Resistance to mandatory vaccinations was once a fringe movement confined to the extremes of the political left. Until recently, the highest rates of vaccine refusal were in some of the country’s wealthiest, most liberal communities.

Yet Republican strategists and experts on political extremism say the Trump-era GOP has seized on vaccine resistance as a way for Republicans to bring together extremists from the left and right, the latter of whom are using their refusal to accept the Covid-19 vaccines as a way to signal their opposition to Mr Biden and his administration, while Republican elected officials are taking advantage of the anti-vaccine movement as a way to hurt Mr Biden’s progress against the coronavirus and thereby damage his administration.

One Democratic senator, Chris Coons of Delaware, told The Independent that he believed the motivations of GOP senators such as Indiana’s Mike Braun — the measure’s lead sponsor — were sincere. But he suggested that much of the resistance to the Covid vaccines has come out of opposition to Mr Biden.

“I know Senator Braun, I think he earnestly believes that this is in the best interest of the American people. But there is widespread resistance to vaccines that I think is in part political,” he said. 

One veteran Republican operative, Mike Madrid, said Republican senators’ protestations that they’re only “anti-mandate” is a “difference without a distinction and a complete political cop out”.

“What they’re trying to do is have it both ways — these are educated smart people that know that vaccines work,” he said. “But they’re trying to hold on to this freedom argument by saying it’s your choice. But it’s just ‘Let’s Go Brandon,’” he said, referring to a popular phrase among conservatives that is meant to stand in for “f*** Joe Biden”.

“If they really believed that they would they look as hypocritical on a number of different issues, everything from marijuana legalisation to abortion. So it’s all about sticking it to Biden … that’s all it is,” he said.

Colin Clarke, a senior research fellow at the Soufan Centre who studies political extremism, said Senate Republicans’ embrace of anti-vaccine rhetoric is part of an attempt to create a “big tent” of extremists in support of the party from left and right.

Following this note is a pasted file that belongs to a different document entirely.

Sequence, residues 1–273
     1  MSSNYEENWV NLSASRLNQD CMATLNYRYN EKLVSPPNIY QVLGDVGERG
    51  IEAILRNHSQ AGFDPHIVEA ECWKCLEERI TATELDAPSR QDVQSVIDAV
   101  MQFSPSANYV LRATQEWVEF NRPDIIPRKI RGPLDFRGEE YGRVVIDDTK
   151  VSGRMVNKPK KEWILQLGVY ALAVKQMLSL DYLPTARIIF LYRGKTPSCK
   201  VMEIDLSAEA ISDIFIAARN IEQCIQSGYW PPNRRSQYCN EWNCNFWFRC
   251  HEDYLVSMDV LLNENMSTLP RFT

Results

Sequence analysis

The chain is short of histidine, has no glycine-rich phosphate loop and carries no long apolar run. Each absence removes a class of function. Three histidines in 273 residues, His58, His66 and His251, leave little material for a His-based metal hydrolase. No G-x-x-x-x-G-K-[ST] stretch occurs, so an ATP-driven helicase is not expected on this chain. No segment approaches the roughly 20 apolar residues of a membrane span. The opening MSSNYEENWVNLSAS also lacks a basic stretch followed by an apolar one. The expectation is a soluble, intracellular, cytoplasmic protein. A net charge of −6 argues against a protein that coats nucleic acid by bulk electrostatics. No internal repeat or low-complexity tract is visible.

“If you’re a far right extremist or even a far right propagandist or provocateur, it makes sense to go big,” he said.

He added that conservative resistance to vaccines has become “part of showing your tribal affiliation”.

“It’s become an inherently political act to refuse the vaccine — you even have people that are getting the vaccine, and then lying about it, because they don’t want to be ostracised,” he said. “They’re twisting it and manipulating it in every possible way to score political points.”

Mr Clarke warned that the continued growth of the anti-vaccine movement could turn it as violent as it has been in Europe, where vaccine clinics in multiple countries have come under attack.

“We’re seeing the anti-vax movement gaining steam and melding with the far right — it’s really just kind of a combustible situation,” he explained.

“If and when things start trending back toward normal and you start seeing large gatherings, of people in concerts and public spaces on a more regular basis … that’s a range of soft targets that are out there. And if someone’s like a committed anti-vaxxer that wants to engage in violence, they might target a place that vaccine only where you need ‘vax pass’ to get in,” he said. “There’s a lot of different permutations of terrorism and they don’t always have to make sense to people … it’s what drives people to commit political or ideologically motivated violence, and we live in a country where everyone can get a gun.”